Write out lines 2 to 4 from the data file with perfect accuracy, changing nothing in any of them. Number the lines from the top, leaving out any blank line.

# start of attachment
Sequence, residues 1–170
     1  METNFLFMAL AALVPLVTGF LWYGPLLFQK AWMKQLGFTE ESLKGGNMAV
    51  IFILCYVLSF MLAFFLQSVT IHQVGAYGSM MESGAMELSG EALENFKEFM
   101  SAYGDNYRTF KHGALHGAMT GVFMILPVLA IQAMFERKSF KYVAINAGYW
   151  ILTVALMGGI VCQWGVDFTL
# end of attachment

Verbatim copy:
     1  METNFLFMAL AALVPLVTGF LWYGPLLFQK AWMKQLGFTE ESLKGGNMAV
    51  IFILCYVLSF MLAFFLQSVT IHQVGAYGSM MESGAMELSG EALENFKEFM
   101  SAYGDNYRTF KHGALHGAMT GVFMILPVLA IQAMFERKSF KYVAINAGYW